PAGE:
Consensus Mechanisms

How Blockchain Verifies Transactions

In the traditional banking system, transactions are held on a central ledger at each bank. Banks have full control of this ledger and can modify it as they see fit. However, they are incentivized to ensure the accuracy of the ledger because their reputation is staked on it.

On a blockchain, the transaction ledger is decentralized and requires a consensus mechanism to ensure the transactions are accurately recorded. Three of the main consensus mechanisms include Proof of Work, Proof of Stake, and Proof of Authority. These blockchains face a tradeoff between efficiency and centralization.

Proof of Work (PoW) is the oldest and most commonly understood consensus mechanism. This is the mechanism utilized by Bitcoin and Ethereum to ensure the integrity of the ledger. PoW works by using a network of miners who use computers to solve mathematical problems in exchange for cryptocurrency. These math problems confirm transactions on the chain and take a significant amount of computing power. This consumption of power acts as a barrier to faking transactions as the power to confirm fake transactions would cost more in electricity than was gained in cryptocurrency value. PoW blockchains are very secure and decentralized but take up a great deal of electricity to run. Bitcoin alone uses the same amount of electricity as the entire country of Sweden.

Proof of Stake (PoS) has tried to improve the efficiency of verifications to reduce transaction costs, speed, and energy consumption. Some popular PoS blockchains include Cardano, Dash and NEO. PoS works by having miners stake a given amount of the cryptocurrency they are mining as collateral in order to establish trust as a transaction facilitator. The more coins a miner stakes, the higher chance that they will be selected to process transactions and make profits in the form of network fees. PoS uses far less energy than PoW because there is no need for these math equations miners need to solve. Trust is established through collateral coins that can be lost if the miner acts maliciously or incometently. The disadvantage to PoS is that this dependence of large miners can increase the centralization of the network, which decreases the advantage over traditional payment processing.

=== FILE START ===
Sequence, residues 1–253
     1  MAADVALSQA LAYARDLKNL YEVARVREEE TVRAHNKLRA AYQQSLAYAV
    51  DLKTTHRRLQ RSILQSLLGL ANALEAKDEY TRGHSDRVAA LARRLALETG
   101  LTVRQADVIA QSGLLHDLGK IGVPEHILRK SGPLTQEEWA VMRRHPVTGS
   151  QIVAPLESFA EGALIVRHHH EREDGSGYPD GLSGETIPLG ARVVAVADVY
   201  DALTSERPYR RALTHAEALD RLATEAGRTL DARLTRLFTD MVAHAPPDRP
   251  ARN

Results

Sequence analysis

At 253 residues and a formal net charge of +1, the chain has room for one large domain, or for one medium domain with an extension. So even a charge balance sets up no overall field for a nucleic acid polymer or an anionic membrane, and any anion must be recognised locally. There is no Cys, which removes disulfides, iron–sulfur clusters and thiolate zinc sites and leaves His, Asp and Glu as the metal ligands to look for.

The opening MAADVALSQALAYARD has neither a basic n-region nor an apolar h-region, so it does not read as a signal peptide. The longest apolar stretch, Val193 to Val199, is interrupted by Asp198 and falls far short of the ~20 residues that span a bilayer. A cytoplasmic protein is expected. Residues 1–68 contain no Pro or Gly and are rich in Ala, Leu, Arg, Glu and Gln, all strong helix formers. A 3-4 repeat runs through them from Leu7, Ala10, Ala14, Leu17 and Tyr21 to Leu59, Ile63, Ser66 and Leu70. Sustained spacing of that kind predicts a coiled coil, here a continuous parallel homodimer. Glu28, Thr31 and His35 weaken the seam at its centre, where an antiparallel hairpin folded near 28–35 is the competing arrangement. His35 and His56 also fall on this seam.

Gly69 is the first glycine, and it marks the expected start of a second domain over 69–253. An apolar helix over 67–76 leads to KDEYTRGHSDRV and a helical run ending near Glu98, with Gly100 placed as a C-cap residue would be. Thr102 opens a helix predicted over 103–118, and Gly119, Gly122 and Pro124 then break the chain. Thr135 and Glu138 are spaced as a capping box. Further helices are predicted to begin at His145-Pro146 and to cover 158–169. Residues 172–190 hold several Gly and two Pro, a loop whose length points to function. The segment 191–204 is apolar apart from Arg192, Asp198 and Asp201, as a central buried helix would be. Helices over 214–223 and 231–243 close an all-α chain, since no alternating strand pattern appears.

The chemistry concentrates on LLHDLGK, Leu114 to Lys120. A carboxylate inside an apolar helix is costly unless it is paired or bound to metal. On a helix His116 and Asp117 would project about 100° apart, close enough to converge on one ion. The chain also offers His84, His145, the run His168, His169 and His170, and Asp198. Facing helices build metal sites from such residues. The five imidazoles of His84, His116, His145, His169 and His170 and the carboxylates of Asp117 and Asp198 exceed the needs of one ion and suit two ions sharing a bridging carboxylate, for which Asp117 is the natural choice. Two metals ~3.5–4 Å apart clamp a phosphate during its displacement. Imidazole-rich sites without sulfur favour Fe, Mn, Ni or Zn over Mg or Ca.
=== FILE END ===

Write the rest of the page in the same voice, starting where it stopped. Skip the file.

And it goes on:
Proof of Authority (PoA) is a derivative of PoS that uses a validator’s identity instead of a monetary value as the stake. PoA is a relatively new consensus mechanism and used by SongChain’s blockchain provider, Xooa. On PoS, validators publicly release their identity in order to gain the right to process transactions and earn transaction fees. This mechanism has an advantage over PoS in the increased transparency of validators and the equalization of stakes. A given monetary value of cryptocurrency might mean significantly more to one individual with a small overall portfolio in comparison to someone with a large portfolio. PoA solves this issue of differentiating relative values while also decreasing transaction times and fees in comparison to PoW networks. PoA decreases transaction times from up to 10 minutes per block for Bitcoin to less than 2 seconds. This decrease in transaction time is also reflected in much lower energy consumption per transaction. PoA provides these advantages while keeping the power of the ledger in the hands of a much more secure and decentralized network when compared to the traditional financial system.

All three consensus mechanisms provide a secure, decentralized, and innovative way to process transactions but vary in their efficiency. However, SongChain chooses to utilize a PoA network because of the drastically lower transaction times, fees and energy consumption. A slightly more centralized network is well worth the gains both in terms of sustainability and economics.